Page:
In the first sentence verse 20, Paul writes the retired Roman soldiers who were proud of their Roman citizenship. He wants to move them away from their unhealthy focus on earthly things. He tells them, “But our citizenship is in heaven.” He tells people who fought hard and long for their Roman citizenship that those who are committed to Christ Jesus have their citizenship in Heaven. Members of my family have been US citizens since 1853. My Great-Great Grandfather renounced the Queen of England as he swore loyalty to the United States. I am quite proud of my citizenship. Like many lf you, I have sworn three times to “defend the Constitution against all enemies foreign and domestic.” However, as a Christian my primary loyalty is to the Christ Jesus. While I am a US citizen, my eternal citizenship is in Heaven. People who place their trust in Christ Jesus and who have submitted their lives to Him are citizens of Heaven.

Among Americans patriotism has ebbed and flowed. There are times when people are quite patriotic. After the Islamists destroyed the World Trade Towers, patriotism was quite high. At this point, I am not certain where Americans stand. There are a lot of anti-American activities going on. Ever since I attended a Presidential campaign rally in 1964, I have been uneasy with nationalism. Christians can be patriots but zealous nationalism is disturbing. I read all the bumper stickers I see. Once I saw an unusual patriotic bumper sticker. It read, “America bless God!”

Rather than asking God to bless our materialism and bent to violence, the best slogan calls this country to bless God. As citizens of heaven, one of our major activities is honoring and blessing the Lord God. We praise Him for who He is and thank Him for what he has done for us. When we bless God, we live out our faith with confidence. A 20th century European Army had a symbol and a slogan on their soldier’s belt buckles. The slogan in English is, “God is with us.” One of the worst things we can do is ask God to bless our self-centered goals and activities. On the other hand, one of the best things we can do is bless God and acknowledge that He is Lord of all.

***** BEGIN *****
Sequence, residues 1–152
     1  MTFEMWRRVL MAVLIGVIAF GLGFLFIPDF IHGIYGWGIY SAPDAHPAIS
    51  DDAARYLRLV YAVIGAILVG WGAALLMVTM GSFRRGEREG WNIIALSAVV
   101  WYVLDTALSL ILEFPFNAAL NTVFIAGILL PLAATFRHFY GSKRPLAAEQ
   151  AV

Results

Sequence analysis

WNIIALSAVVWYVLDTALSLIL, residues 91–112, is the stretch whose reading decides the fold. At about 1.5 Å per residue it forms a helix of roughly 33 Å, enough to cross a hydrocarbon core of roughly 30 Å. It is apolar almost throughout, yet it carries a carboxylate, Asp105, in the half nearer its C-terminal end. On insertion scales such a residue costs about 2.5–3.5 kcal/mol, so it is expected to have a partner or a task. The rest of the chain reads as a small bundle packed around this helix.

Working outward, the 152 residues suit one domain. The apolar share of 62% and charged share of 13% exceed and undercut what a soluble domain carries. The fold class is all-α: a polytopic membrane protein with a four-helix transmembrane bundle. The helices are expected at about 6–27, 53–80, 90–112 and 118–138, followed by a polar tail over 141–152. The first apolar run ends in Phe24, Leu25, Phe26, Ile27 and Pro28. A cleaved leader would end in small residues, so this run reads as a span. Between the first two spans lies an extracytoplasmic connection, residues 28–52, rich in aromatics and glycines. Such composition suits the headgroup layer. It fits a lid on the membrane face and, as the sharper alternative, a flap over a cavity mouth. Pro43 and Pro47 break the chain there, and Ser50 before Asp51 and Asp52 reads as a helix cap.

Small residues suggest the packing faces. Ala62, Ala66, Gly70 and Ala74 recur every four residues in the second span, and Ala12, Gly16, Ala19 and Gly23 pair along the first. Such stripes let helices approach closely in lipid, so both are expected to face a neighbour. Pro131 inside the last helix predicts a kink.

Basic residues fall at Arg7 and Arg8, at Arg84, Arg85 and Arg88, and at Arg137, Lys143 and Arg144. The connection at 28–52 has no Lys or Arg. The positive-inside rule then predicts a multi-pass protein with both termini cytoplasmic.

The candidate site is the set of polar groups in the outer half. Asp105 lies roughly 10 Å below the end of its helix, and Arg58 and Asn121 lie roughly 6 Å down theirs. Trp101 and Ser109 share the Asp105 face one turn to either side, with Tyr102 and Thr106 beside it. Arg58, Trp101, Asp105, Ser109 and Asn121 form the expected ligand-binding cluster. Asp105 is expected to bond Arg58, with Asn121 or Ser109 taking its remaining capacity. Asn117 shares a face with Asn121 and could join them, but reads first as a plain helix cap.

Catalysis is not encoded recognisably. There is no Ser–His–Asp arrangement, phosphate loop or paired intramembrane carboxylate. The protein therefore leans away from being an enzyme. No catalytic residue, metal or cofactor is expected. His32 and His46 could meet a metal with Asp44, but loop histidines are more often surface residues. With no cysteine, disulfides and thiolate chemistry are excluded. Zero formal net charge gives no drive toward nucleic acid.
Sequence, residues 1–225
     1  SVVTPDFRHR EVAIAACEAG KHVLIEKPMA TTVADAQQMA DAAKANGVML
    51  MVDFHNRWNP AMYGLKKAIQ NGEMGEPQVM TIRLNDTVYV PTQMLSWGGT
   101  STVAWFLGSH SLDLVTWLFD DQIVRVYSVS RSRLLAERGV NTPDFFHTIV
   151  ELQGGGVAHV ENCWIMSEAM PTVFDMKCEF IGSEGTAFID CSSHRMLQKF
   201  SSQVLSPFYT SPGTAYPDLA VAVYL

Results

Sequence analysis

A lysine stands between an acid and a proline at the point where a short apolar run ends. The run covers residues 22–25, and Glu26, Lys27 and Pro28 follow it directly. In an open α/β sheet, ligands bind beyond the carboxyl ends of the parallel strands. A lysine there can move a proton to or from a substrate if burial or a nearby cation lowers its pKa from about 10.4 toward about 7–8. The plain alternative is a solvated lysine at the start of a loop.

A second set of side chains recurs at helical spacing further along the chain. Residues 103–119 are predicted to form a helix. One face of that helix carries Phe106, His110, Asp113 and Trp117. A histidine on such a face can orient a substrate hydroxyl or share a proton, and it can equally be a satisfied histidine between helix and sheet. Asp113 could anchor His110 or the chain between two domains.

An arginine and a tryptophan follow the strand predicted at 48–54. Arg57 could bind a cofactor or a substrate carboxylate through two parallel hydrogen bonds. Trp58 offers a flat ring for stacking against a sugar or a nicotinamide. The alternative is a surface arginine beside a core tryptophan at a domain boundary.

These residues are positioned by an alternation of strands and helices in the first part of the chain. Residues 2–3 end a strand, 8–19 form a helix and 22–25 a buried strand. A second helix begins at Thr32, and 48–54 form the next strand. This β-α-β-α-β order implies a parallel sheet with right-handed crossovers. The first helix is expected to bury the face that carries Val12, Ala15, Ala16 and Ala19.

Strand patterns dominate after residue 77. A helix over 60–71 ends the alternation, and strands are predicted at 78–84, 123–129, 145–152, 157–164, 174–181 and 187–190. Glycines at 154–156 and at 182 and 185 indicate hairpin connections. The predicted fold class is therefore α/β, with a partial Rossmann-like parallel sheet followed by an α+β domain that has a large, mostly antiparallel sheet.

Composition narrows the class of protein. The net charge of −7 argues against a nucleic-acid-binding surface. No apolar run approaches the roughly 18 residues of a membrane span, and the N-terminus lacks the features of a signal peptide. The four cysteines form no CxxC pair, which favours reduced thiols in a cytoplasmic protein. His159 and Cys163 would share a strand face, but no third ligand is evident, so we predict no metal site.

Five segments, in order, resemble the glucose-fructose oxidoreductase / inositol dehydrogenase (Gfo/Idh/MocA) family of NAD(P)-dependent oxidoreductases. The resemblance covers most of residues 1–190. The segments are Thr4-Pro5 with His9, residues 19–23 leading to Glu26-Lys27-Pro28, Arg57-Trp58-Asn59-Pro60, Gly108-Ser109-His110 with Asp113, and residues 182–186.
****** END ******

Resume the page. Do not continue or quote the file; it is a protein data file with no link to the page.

Paul wrote a people who took great pride in their Roman citizenship. He told them that those who trust Christ Jesus are citizens of Heaven. He told them that citizens of Heaven are not mired down in the things of this world. Christians are people who are generous and seek to lead a dying world to Christ Jesus. While we are concerned about the things of this world, our minds are on things eternal. While we are concerned with human need and bring compassion and love into the streets, buildings and institutions of this city, we keep our eyes focused on the Cross of Christ. What this country needs are people who bless God. When you get up in the morning, bless the Lord. When you eat your meals, bless the Lord. When you go to bed at night, bless the Lord. When you bless the Lord, you recognize where your real citizenship lies. America, bless God!

On this Independence Day, it is good to recall the words of President John Adams: “Our Constitution was made for a moral and religious people. It is wholly inadequate to the government of any other.” We will not thrive as a secular nation. The United States will only continue as we live out our faith in Christ Jesus and recognize we are citizens of Heaven.

Sermon at Veterans Memorial Chapel

CH (COL) Michael W. Malone, AUS RET